Never-Before-Seen Eruption Sees Black Hole Burp Material Years After It Ate Star

A strange case of a delayed eruption surprised astronomers.

Supermassive black holes tear stars to pieces when they approach too closely. This is known as a tidal disruption event (TDE). The spewing out of material follows the destruction of the star. The intense gravity pulls the star apart, and material swirls around the black hole, causing it to light up, as we can see. But in the case of AT2018hyz, something incredible and unprecedented occurred. The star was ripped apart, and material spewed everywhere. Three years later, the black hole ejected material once more.

“This caught us completely by surprise — no one has ever seen anything like this before,” lead author of a new paper, Yvette Cendes from the Center for Astrophysics | Harvard & Smithsonian, said in a statement.

AT2018hyz was initially thought to be unremarkable when it was discovered in 2018. The emission was consistent with the black hole ripping apart a small star, one-tenth the mass of our Sun. However, while looking for other TDEs, the team noticed this object flare up again, and in an unusual way.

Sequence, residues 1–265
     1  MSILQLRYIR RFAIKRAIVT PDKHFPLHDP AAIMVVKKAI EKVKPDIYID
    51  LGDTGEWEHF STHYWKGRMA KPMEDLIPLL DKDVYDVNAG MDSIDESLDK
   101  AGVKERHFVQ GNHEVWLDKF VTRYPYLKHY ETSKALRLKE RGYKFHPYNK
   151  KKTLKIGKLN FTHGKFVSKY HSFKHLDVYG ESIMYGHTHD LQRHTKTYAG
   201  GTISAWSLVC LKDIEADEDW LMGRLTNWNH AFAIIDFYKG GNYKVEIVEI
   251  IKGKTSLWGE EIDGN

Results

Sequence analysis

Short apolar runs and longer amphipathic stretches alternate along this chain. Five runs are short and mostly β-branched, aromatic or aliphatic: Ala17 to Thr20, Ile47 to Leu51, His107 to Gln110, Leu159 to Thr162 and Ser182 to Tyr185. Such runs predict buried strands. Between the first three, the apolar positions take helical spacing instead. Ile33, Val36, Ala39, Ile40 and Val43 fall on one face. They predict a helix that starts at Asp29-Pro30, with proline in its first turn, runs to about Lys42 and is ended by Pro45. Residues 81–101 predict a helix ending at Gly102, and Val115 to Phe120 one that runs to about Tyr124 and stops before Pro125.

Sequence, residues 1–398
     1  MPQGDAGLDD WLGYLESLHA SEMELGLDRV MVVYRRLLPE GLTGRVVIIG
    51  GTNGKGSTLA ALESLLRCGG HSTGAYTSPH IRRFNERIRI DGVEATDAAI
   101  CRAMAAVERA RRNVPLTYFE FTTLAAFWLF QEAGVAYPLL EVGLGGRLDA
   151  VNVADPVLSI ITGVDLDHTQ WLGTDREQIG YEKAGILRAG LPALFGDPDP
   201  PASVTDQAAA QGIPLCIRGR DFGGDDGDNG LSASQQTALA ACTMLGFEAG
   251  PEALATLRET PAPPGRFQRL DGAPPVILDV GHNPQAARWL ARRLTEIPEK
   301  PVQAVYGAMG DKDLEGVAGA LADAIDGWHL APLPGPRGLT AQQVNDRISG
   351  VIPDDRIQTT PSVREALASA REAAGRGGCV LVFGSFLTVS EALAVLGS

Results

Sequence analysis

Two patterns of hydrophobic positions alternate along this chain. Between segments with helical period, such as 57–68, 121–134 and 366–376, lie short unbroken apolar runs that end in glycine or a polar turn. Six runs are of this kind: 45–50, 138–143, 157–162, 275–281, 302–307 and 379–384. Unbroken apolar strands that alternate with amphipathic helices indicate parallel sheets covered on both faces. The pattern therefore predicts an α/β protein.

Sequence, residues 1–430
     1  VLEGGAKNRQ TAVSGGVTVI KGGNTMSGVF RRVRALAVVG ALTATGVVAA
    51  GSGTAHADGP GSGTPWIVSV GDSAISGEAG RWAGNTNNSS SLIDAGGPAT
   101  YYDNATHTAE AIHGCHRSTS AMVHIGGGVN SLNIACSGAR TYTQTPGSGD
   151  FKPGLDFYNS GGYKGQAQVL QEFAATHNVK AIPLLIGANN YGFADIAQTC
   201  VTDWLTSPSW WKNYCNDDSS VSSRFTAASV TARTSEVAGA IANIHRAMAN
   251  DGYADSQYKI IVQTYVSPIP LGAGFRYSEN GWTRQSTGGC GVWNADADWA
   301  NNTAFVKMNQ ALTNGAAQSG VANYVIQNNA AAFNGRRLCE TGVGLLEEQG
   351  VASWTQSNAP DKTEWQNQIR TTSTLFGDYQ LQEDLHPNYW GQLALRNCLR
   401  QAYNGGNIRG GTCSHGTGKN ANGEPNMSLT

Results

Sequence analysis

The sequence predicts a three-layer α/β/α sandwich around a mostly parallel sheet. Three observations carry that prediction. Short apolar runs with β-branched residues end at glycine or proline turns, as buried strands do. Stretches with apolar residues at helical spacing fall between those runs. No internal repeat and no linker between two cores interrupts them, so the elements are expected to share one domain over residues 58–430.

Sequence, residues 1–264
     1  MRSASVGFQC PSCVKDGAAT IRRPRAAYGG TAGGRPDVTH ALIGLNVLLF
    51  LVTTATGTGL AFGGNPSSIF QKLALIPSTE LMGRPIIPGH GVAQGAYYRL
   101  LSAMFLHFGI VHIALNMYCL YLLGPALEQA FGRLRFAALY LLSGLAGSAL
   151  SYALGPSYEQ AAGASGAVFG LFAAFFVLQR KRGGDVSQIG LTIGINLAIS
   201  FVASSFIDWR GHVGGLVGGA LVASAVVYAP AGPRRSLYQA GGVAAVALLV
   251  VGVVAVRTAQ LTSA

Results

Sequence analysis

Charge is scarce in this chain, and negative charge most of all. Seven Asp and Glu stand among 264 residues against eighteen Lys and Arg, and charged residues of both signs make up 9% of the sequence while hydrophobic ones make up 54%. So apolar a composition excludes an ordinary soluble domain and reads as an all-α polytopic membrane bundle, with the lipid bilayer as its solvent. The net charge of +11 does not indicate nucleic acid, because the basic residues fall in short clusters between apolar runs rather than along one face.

The material ejected by the black hole was accelerated to roughly half the speed of light. This is five times faster than most TDE outflows. Whatever is going on in this system is definitely strange.

“We have been studying TDEs with radio telescopes for more than a decade, and we sometimes find they shine in radio waves as they spew out material while the star is first being consumed by the black hole,” said Edo Berger, professor of astronomy at Harvard University and the CfA, and co-author on the new study. 

“But in AT2018hyz there was radio silence for the first three years, and now it’s dramatically lit up to become one of the most radio luminous TDEs ever observed.”

The discovery of such an event raises intriguing questions about how supermassive black holes behave. Astronomers have known that these cosmic giants are messy eaters, but their feeding habits appear to be a mystery.

READ MORE: Black Holes As We Know Them May Not Exist

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